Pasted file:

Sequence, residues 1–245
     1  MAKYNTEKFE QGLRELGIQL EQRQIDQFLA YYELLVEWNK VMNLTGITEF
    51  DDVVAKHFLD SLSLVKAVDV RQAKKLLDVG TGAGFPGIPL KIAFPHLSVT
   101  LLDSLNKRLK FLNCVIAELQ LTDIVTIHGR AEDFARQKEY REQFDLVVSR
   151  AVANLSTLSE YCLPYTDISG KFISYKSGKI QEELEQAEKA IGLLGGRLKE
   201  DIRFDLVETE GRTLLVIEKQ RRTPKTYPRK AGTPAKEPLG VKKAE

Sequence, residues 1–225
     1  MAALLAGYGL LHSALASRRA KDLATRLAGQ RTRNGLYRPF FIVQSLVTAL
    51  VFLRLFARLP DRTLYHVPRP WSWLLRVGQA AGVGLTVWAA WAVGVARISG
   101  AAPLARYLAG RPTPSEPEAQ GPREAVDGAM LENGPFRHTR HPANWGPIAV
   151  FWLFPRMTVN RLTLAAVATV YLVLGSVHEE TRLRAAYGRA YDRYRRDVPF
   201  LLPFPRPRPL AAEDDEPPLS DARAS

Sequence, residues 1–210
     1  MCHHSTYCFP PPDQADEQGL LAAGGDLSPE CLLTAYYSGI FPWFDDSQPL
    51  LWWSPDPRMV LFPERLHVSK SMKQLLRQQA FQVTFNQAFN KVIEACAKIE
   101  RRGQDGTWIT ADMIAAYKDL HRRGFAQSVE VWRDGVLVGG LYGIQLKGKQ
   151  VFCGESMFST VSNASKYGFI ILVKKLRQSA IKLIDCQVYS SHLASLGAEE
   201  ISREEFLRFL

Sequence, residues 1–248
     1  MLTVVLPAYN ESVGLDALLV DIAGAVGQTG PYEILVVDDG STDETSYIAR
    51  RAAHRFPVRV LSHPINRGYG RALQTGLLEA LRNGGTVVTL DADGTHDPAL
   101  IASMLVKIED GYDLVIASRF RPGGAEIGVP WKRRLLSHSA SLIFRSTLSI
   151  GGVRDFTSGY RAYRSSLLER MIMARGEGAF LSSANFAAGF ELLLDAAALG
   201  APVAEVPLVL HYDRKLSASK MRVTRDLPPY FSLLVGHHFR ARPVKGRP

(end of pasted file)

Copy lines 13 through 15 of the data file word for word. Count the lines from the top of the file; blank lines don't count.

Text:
Sequence, residues 1–210
     1  MCHHSTYCFP PPDQADEQGL LAAGGDLSPE CLLTAYYSGI FPWFDDSQPL
    51  LWWSPDPRMV LFPERLHVSK SMKQLLRQQA FQVTFNQAFN KVIEACAKIE